Stay Classy: San Diego’s Drone Firms Call Out FAA
Correction: The original version of this article incorrectly indicated the drone businesses represented by Michael Curran were based in and around San Diego. In fact, businesses from across the country were involved, including firms from Texas, Florida, and Washington. Many thanks to Facebook contributor Jason Pope for setting us straight!
Are local drone business owners near you forced to fight the government just to survive?
Politicians and bureaucrats love to be seen taking action, even if they don’t always have a good understanding of the problem. But public sentiment is lifeblood to government officials. This means sometimes it seems like a great idea to make and enforce rules targeting a tiny group – like RC drone companies and hobbyists – because the government thinks it can’t lose; even if their actions turn out to be a mistake only the small group will be unhappy.
When this kind of thing happens, the only thing to do is organize, try to educate authorities and to show them their decisions might be worse (and look worse) than they first thought. That’s exactly what a group of drone businesses from across the United States did last week. These are firms that capture photos and video from their unmanned aerial systems as part of their business, something the FAA wants to forbid. All the companies involved have received unhappy attention from federal aviation officials recently because of their work.
That’s because the FAA effectively banned commercial drone flights in 2007. But now the FAA’s policy is under fire and the San Diego companies are fighting back.
The FAA’s ban is an informal dictum against commercial drone use, not a law. In 2012, the agency fined aerial photographer Raphael Pirker $10,000 for flying a drone near the University of Virginia. Pirker refused to accept that punishment and appealed to the National Transportation Safety Board. An administrative law judge recently agreed with Pirker, ruling that the FAA can’t ban commercial drone flights without a formal law doing so.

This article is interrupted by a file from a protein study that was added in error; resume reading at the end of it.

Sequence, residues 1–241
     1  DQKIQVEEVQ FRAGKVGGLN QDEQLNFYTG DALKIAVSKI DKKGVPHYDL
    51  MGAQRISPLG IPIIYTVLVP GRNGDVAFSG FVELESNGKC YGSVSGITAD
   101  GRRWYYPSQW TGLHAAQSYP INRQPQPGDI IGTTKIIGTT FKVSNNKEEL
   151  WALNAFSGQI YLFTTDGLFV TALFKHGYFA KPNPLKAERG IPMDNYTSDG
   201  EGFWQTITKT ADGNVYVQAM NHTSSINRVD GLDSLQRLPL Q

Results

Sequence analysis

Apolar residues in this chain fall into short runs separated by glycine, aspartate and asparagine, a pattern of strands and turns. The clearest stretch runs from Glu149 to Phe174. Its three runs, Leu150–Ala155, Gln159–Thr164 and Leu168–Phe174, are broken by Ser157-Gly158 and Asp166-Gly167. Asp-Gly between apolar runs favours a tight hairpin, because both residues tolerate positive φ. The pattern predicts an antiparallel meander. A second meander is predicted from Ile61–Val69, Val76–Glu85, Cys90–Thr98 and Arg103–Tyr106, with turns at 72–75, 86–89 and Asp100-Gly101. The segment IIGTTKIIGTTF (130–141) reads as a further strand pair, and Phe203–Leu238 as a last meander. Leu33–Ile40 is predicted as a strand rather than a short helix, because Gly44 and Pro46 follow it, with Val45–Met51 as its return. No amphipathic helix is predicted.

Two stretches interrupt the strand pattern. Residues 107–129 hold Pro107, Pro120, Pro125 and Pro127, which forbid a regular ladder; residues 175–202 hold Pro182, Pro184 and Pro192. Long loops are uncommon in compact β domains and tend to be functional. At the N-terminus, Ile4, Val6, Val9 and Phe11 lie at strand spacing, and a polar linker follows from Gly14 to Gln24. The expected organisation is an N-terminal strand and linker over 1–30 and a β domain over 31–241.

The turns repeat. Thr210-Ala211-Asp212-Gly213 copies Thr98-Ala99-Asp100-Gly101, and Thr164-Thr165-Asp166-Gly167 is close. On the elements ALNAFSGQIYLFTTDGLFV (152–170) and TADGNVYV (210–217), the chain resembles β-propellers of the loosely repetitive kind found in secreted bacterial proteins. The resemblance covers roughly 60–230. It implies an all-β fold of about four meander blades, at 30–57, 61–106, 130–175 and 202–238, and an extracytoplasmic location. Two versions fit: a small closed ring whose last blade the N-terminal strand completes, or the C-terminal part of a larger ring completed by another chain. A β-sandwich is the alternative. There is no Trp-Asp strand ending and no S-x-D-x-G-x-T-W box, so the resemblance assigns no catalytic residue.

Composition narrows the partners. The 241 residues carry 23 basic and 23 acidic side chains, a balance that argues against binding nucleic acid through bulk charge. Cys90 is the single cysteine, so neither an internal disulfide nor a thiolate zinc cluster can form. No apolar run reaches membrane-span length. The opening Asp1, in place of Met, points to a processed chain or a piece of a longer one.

More than a dozen media companies came out in support of Pirker on Monday. Organizations including The Associated Press and The New York Times Company argued in a brief that the FAA’s position violates the First Amendment.
Now an Encinitas-based attorney who represents the 15 drone companies in San Diego County has joined the fray.
Attorney Michael D. Curran, a small unmanned systems enthusiast who also has a pilot’s license, filed a supportive brief on Tuesday on behalf of more than two-dozen clients, some of whom live in other states.
You can read his filing here.
Curran indicated his clients have all been threatened by the FAA and continue to suffer financially under the agency’s unofficial ban. The FAA suggests they take these actions to protect the safety of the national airspace, despite their apparent lack of jurisdiction over drones. Each time the media reports another incident of drone sightings dangerously near airports they use the story as justification for stricter rules, but why are they targeting businesses instead of the individuals responsible?
Drone firms have the most to lose by flying dangerously and threatening air traffic, but they are also easy targets for the FAA. It’s tough to track down an irresponsible prankster or fool with an RC airplane or multirotor, so the feds choose to target companies instead, showing they either don’t understand the real problem or aren’t willing to actually deal with it if they can take an easier route where they’re seen to be taking action.
Source: Voice of SanDiego
Photo: Sam Hodgson